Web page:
We are about to take a giant step forward, of the kind that fills you with joy and hope. Because we are now certain we shall have an ophthalmologist for Sebeta, in fact a children’s ophthalmologist. And not just an eye doctor but also an eye nurse who will be going out with him at the end of October. They will examine the 340 children at Sebeta to see how some of them can be helped by surgery, glasses or poor-vision aids.
The three Messi room monitors will thus be able to teach reading and writing in Oromiya to those children, who aided in this way will be able to see, so that they will not have to go out into the world at the age of 17 knowing only Braille.
Apart from this giant step and with a view to improving the very difficult living conditions of the Sebeta children we are taking a number of smaller steps: we are buying sheets (at the moment they sleep directly on filthy mattresses) and we are thinking about hiring laundresses (if they let us) to wash these sheets and the children’s clothes. We have already improved things by mending the toilets and replacing the broken windows.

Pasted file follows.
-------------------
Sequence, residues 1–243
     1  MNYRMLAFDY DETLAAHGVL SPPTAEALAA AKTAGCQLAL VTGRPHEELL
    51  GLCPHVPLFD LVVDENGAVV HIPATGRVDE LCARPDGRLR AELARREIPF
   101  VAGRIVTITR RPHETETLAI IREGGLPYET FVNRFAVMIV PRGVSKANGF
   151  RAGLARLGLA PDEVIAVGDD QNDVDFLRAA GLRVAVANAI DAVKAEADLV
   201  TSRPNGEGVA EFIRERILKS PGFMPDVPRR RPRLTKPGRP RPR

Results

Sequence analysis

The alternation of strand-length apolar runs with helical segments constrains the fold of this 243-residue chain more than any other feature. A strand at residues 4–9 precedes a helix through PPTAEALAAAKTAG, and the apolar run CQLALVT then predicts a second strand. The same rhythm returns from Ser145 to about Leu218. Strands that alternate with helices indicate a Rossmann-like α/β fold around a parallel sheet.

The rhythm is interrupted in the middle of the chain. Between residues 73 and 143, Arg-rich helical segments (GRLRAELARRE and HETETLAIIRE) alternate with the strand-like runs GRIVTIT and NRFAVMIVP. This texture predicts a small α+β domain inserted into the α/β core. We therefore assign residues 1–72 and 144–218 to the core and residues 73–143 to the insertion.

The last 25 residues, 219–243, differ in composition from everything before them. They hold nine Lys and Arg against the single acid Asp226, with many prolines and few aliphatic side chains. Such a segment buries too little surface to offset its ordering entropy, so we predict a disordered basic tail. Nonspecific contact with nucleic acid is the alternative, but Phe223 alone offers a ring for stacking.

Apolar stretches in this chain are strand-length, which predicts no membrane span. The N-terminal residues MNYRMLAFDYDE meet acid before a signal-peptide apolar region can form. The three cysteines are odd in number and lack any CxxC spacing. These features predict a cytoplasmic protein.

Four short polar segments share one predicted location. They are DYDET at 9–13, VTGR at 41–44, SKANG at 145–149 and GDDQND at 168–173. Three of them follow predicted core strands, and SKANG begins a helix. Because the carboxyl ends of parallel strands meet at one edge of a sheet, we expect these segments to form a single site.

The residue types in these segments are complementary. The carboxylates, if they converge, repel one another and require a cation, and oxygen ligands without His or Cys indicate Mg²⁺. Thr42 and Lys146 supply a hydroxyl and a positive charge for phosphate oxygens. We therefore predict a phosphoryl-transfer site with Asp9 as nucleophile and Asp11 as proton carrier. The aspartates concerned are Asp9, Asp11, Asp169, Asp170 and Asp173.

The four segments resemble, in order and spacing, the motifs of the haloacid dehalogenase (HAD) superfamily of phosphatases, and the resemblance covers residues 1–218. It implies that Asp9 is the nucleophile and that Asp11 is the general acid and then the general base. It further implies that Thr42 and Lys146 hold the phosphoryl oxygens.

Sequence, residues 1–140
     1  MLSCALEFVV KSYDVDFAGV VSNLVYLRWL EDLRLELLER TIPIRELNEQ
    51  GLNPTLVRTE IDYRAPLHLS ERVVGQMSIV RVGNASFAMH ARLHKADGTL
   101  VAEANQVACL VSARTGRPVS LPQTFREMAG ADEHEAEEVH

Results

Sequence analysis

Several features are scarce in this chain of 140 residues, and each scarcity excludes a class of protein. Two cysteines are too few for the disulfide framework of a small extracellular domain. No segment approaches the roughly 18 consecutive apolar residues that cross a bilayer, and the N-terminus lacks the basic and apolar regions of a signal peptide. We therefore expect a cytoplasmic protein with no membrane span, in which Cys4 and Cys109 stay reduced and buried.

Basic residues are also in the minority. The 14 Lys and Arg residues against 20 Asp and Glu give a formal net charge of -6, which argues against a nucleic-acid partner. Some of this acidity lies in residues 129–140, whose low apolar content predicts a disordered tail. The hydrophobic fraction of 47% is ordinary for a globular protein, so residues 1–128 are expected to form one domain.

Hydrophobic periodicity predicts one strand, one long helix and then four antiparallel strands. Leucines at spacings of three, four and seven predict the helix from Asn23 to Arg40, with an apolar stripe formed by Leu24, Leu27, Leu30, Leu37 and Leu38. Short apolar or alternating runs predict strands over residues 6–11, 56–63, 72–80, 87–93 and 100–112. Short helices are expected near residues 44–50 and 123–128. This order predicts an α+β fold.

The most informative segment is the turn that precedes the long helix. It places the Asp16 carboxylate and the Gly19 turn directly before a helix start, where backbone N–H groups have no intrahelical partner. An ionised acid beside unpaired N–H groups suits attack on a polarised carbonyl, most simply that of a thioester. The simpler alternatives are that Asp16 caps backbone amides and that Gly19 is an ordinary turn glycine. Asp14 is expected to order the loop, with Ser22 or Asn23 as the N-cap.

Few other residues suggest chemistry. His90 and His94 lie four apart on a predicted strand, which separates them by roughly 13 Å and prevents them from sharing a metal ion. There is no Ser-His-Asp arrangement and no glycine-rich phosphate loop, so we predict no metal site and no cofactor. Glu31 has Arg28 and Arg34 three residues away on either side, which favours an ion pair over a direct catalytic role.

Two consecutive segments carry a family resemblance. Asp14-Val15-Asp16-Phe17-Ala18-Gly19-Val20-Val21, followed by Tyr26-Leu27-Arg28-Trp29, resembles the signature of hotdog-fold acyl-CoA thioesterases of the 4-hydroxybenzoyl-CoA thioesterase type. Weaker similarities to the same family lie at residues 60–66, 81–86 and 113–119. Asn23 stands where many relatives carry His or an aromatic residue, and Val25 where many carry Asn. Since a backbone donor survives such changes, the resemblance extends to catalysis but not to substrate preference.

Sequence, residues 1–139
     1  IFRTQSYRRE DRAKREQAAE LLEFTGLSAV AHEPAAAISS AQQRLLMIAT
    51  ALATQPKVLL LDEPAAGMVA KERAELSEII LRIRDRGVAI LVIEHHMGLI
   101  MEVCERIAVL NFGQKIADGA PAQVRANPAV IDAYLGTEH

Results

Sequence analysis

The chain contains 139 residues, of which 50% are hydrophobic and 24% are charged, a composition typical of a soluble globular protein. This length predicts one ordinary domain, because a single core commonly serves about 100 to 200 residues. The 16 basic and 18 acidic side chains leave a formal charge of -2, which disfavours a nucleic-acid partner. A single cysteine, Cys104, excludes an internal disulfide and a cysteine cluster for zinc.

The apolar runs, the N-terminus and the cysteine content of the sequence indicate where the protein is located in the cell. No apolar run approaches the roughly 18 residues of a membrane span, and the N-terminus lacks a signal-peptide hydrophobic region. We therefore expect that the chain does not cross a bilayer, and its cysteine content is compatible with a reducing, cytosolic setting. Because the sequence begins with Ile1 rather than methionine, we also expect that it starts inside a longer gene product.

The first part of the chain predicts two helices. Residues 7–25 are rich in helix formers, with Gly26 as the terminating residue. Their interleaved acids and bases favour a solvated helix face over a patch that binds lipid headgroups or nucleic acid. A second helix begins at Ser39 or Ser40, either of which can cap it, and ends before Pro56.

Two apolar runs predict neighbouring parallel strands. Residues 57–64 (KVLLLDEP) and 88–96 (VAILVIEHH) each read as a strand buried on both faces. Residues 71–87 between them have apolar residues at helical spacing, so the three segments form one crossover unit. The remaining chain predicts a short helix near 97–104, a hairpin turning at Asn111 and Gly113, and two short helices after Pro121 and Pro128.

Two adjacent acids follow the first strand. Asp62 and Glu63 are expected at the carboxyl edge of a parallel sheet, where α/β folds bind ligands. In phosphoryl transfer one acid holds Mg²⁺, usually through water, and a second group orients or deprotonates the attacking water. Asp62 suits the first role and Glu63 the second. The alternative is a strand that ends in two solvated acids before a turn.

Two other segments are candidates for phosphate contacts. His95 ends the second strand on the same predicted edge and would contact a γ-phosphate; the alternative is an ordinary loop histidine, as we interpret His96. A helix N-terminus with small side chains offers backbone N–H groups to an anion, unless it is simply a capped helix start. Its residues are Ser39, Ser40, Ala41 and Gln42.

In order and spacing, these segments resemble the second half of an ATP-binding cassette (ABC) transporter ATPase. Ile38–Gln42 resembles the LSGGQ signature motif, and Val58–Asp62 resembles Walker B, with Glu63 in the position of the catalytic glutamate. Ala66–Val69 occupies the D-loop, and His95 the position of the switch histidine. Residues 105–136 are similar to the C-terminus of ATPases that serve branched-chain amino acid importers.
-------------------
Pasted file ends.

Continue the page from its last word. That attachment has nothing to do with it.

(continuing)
We have a huge task on our hands turning round this school which has been virtually abandoned by God and man for the last 30 years. The carers don’t look after them, the cleaners don’t clean, the Head master doesn’t seem to be in charge and there’s a statutory nurse who’s never been to the huts where the children live. A bleak picture, but we’re not put off by the challenges, quite the opposite.
Photos: the daily life of the children in their huts
At Mediterranea we are in favour of showing happy photographs, photographs of our achievements, but sometimes we have to show you the other side of things. If we were not helping them we would never show you this darker side, since we are totally opposed to showing the harsh reality just to raise money in situations where we are not helping directly.